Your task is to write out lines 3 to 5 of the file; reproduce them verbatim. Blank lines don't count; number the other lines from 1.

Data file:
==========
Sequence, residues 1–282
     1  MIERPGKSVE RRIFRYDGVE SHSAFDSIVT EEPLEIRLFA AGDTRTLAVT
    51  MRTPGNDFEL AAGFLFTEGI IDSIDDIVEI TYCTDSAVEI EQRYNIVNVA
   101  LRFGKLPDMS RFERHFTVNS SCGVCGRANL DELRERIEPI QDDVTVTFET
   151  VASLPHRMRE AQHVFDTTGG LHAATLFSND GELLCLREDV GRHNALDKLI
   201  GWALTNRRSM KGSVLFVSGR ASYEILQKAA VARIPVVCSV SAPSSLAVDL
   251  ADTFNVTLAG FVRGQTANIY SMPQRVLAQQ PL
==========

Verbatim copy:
    51  MRTPGNDFEL AAGFLFTEGI IDSIDDIVEI TYCTDSAVEI EQRYNIVNVA
   101  LRFGKLPDMS RFERHFTVNS SCGVCGRANL DELRERIEPI QDDVTVTFET
   151  VASLPHRMRE AQHVFDTTGG LHAATLFSND GELLCLREDV GRHNALDKLI